A General History and Collection of Voyages and Travels — Volume 07 eBook

Robert Kerr (writer)
This eBook from the Gutenberg Project consists of approximately 785 pages of information about A General History and Collection of Voyages and Travels — Volume 07.
years before this, the Pagan king of Orissa was defeated and slain and his kingdom conquered, by the king of Patane[162], who was also king of the greatest part of Bengal.  After the conquest of Orissa, this king imposed a duty of 20 per centum on all trade, as had been formerly paid in his other dominions.  But this king did not enjoy his acquisitions long, being soon conquered by another tyrant, who was the great Mogul of Delhi, Agra, and Cambaia, against whom the king of Patane made very little resistance.

[Footnote 161:  Cuttack, at the head of the Delta of the Mahamuddy or Gongah river, in lat. 20 deg. 32’ N. lon. 86 deg. 9’ E. is probably here meant, It is only about 45 miles from the sea, but might have been six days journey from the port where the author took shelter, which probably was Balasore.—­E.]

[Footnote 162:  Probably so called from residing at Patna, called Patane in the text.—­E.]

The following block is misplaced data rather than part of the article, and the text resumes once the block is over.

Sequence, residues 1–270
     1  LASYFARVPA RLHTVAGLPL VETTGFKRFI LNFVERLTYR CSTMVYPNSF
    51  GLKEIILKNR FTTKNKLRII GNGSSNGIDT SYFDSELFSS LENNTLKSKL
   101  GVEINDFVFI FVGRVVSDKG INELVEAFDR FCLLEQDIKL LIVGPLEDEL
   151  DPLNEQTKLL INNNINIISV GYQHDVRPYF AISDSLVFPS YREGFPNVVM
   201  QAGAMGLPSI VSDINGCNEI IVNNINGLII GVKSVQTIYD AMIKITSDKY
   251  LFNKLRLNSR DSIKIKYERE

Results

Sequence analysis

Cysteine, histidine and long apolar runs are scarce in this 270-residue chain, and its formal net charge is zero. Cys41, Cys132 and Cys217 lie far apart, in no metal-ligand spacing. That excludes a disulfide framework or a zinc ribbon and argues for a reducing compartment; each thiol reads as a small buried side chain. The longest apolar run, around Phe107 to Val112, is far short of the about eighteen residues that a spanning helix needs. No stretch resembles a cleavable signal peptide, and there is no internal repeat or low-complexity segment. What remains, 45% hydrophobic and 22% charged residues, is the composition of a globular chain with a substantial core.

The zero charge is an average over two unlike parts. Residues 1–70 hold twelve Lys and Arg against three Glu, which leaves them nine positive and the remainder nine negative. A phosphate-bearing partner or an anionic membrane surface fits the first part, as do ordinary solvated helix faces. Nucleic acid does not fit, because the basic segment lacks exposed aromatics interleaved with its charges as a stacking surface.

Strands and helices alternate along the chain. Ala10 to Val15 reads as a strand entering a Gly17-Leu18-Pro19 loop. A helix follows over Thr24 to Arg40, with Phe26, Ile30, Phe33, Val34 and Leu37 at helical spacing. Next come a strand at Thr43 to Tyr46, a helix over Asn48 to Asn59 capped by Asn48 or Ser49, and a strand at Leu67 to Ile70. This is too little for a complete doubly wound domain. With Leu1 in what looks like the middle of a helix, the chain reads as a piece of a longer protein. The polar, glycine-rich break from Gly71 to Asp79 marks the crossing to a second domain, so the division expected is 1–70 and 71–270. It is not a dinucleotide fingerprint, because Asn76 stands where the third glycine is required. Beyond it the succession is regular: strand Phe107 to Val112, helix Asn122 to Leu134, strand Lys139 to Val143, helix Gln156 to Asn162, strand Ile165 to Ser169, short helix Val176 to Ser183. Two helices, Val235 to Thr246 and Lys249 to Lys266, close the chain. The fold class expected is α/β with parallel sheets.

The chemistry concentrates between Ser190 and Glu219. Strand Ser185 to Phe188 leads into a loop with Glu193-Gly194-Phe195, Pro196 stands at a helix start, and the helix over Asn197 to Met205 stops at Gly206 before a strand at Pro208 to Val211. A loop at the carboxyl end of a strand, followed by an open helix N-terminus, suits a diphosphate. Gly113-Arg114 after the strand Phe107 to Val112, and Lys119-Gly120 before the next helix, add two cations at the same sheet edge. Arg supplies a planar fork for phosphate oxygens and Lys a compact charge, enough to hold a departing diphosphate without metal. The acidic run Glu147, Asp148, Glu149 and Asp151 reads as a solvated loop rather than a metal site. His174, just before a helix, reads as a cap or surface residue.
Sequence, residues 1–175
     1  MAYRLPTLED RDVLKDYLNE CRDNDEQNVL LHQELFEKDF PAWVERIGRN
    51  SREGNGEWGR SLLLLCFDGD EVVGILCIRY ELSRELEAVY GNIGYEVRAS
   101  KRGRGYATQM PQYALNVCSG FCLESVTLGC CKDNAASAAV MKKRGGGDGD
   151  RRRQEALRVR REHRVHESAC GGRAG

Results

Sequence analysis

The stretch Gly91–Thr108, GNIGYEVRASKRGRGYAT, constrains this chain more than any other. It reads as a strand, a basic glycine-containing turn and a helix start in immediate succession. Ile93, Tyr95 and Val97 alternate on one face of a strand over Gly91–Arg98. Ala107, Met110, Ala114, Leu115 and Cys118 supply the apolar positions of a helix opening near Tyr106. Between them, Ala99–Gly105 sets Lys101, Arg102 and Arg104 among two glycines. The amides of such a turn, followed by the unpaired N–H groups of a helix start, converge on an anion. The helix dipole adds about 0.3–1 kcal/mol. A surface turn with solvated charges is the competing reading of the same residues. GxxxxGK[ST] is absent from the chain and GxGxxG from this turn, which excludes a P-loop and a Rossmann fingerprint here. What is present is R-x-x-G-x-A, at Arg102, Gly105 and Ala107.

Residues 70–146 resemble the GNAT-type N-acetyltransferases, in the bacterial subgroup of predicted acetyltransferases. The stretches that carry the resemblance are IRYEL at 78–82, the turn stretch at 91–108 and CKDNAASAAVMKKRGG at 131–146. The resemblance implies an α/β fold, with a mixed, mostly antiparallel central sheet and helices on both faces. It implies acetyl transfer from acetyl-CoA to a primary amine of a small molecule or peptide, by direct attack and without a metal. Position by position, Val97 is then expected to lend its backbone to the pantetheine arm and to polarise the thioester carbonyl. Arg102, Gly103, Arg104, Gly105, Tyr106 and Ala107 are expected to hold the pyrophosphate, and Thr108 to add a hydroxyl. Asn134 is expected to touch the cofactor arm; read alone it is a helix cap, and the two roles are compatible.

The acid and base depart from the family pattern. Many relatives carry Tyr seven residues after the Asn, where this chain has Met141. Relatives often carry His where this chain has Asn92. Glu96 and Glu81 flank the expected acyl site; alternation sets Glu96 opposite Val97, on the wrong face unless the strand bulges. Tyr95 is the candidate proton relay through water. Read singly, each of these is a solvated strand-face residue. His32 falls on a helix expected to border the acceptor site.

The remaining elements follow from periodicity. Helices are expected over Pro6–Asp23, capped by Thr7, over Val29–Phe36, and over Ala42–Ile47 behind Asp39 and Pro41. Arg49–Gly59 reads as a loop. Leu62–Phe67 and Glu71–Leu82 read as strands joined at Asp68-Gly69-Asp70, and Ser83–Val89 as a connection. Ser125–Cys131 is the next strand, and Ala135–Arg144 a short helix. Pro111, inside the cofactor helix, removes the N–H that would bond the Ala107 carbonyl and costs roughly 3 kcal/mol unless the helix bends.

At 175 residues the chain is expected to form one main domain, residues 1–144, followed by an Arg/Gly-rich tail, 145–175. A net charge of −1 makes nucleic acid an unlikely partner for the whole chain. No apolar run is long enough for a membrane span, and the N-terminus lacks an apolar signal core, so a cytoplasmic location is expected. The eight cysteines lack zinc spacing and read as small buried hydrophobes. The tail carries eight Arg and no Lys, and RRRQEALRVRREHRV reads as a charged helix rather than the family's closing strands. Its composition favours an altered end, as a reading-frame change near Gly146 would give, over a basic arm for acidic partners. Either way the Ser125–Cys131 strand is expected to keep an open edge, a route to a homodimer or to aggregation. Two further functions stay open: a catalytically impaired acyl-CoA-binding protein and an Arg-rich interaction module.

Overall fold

Departing from Orissa I went to the harbour of Piqueno in Bengal, 170 miles to the east from Orissa.  We went in the first place along the coast for 54 miles when we entered the river Ganges.  From the mouth of this river to a place called Satagan, where the merchants assemble with their commodities, are 100 miles, to which place they row up the river along with the flood tide in eighteen hours.  This river ebbs and flows as it does in the Thames, and when the ebb begins, although their barks are light and propelled with oars like foists, they cannot row against the ebb tide, but must make fast to one of the banks of the river and wait for next flood.  These boats are called bazaras and patuas, and row as well as a galliot or any vessel I have ever seen.  At the distance of a good tide rowing before reaching Satagan we come to a place called Buttor, which ships do not go beyond, as the river is very shallow upwards.  At Buttore a village is constructed every year, in which all the houses and shops are made of straw, and have every necessary convenience for the use of the merchants.  This village continues as long as the ships remain there; but when they depart for the Indies, every man goes to his plot of houses and sets them on fire.  This circumstance seemed very strange to me; for as I passed up the river to Satagan, I saw this village standing, having a great multitude of people with many ships and bazars; and at my return along with the captain of the last ship, for whom I tarried, I was amazed to see no remains of the village except the appearance of the burnt houses, all having been razed and burnt.

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